Pwn Pulse provides simple and scalable wireless discovery on or around your network whether it be a shop, retail unit or restaurant/ bar, we’ve got you covered. Pwn Pulse is a small piece of hardware on site that allows security operators to physically plug it into your network (up to 50 meter wireless coverage). Leaving the Pwn Pulse dropbox on location and remotely connecting to perform checks on your network consistently to test for rogue access of unauthorized devices looking to steal your customers card information – it’s a simple solution to remain PCI compliant and critically protects your organization from a substantial and damaging breach.
The advantage of using Pulse is not only the cost saving. But it also improves the security posture of the CDE environment by ensuring a continual monitoring of the wireless airspace, coupled with immediate alerts to rogue access points, unauthorized wireless devices and devices which break the wireless policy.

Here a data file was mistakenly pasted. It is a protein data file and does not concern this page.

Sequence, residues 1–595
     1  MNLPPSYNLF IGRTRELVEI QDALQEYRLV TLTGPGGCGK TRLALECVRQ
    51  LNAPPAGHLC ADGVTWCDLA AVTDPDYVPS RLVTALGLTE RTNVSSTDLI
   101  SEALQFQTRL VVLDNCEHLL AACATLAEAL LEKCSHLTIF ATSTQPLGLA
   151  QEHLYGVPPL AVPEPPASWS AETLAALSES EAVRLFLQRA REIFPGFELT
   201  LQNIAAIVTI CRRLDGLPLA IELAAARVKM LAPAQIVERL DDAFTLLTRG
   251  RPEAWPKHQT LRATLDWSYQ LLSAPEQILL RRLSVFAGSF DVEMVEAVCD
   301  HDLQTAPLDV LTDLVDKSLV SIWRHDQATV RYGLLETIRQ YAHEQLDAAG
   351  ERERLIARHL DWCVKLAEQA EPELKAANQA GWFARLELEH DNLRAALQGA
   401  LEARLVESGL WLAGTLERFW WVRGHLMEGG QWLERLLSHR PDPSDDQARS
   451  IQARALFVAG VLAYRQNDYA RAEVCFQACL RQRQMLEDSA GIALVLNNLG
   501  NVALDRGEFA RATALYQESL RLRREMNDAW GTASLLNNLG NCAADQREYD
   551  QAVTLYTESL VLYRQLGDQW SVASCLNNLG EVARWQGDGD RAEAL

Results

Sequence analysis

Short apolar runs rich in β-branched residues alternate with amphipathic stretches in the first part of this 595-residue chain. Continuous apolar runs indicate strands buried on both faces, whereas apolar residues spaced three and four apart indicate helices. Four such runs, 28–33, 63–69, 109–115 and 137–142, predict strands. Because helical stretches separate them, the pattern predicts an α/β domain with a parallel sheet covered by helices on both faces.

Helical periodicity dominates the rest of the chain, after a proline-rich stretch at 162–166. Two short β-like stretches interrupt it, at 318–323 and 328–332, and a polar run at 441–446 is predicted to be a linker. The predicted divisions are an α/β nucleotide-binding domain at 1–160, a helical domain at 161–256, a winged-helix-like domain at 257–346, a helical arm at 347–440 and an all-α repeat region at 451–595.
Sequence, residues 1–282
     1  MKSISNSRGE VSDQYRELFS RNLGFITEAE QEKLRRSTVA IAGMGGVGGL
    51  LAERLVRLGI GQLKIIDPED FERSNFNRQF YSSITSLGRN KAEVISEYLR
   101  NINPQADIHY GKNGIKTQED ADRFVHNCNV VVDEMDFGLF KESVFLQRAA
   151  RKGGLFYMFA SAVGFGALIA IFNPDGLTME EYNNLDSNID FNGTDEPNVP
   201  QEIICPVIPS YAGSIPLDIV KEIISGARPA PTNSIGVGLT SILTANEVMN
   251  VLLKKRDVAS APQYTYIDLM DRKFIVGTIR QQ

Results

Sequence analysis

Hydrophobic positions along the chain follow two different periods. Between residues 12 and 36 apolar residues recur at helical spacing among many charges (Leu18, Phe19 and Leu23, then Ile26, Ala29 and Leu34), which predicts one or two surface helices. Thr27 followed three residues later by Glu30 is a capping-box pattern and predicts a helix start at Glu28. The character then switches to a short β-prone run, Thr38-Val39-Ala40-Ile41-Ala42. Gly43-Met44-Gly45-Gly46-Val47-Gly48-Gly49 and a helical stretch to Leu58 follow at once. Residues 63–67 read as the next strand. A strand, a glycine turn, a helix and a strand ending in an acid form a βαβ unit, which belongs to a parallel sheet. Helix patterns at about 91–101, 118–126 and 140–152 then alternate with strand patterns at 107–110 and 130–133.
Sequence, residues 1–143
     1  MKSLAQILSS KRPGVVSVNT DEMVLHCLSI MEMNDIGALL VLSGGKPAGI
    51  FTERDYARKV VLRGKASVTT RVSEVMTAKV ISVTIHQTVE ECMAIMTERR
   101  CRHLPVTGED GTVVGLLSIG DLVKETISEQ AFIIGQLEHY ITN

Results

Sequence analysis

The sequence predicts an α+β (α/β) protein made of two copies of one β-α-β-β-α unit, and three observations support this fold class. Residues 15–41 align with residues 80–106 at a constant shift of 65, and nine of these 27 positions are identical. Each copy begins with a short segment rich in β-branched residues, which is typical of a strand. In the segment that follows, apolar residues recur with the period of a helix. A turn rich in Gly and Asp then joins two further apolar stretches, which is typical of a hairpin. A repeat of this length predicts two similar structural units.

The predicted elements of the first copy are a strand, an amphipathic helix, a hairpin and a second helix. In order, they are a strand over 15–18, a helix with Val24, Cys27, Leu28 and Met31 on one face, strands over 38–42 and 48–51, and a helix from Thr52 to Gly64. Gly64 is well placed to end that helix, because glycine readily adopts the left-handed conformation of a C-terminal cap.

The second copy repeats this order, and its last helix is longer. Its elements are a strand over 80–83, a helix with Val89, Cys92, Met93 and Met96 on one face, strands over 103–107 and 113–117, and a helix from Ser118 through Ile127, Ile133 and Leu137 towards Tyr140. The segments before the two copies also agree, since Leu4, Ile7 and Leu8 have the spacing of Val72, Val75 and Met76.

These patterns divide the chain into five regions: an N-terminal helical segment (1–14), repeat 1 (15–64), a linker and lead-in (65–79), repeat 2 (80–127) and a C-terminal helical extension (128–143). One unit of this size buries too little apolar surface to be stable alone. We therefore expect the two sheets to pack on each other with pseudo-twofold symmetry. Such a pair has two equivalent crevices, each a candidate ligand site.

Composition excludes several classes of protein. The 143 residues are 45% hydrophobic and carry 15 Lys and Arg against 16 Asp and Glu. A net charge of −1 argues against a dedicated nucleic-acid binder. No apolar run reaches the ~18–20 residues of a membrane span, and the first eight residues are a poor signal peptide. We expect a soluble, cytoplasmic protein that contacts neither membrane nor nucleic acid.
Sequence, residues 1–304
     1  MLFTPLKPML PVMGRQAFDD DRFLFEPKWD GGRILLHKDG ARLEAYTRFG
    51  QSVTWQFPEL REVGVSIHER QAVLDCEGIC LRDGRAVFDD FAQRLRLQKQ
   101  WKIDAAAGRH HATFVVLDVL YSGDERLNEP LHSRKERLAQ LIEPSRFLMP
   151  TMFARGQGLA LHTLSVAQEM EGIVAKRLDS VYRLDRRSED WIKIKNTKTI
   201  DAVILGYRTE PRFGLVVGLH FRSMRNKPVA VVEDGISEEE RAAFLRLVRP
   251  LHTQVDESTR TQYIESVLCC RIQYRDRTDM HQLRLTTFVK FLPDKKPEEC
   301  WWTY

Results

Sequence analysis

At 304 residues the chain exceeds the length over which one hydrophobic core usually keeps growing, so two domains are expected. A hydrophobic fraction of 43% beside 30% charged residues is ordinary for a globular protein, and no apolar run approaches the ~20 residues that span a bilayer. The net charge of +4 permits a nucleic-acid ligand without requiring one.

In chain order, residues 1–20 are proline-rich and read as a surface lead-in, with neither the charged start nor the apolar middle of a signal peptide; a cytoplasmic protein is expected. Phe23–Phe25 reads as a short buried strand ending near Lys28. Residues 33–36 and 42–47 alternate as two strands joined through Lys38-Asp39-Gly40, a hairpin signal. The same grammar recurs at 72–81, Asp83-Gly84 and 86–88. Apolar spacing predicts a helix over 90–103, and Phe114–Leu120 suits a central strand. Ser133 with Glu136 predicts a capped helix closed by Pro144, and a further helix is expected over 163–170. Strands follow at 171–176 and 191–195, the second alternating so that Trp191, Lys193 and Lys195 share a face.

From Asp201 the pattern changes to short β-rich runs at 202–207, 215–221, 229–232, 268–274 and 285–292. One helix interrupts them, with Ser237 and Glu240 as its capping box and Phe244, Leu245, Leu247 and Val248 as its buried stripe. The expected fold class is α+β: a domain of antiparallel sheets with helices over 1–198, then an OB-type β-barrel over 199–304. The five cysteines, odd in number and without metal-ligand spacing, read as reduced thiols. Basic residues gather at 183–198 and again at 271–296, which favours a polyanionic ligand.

Final considerations for meeting complete PCI compliance
More than anything else, PCI DSS requires entities under its jurisdiction to have a comprehensive program of security testing and evaluation for vulnerabilities that stem from unauthorized access, rogue devices and weak authentication including testing routers, hubs, applications, configurations, settings, policies, and training materials to ensure that these are set up in a way as to minimize the risk of exposure of payment card data.
Our solutions cover other PCI requirements in addition to the wireless requirements:
11.2 Run internal and external network vulnerability scans at least quarterly and after any significant change in the network – Our automated PCI scanner will run internal and external vulnerability scans to protect you when a network change is made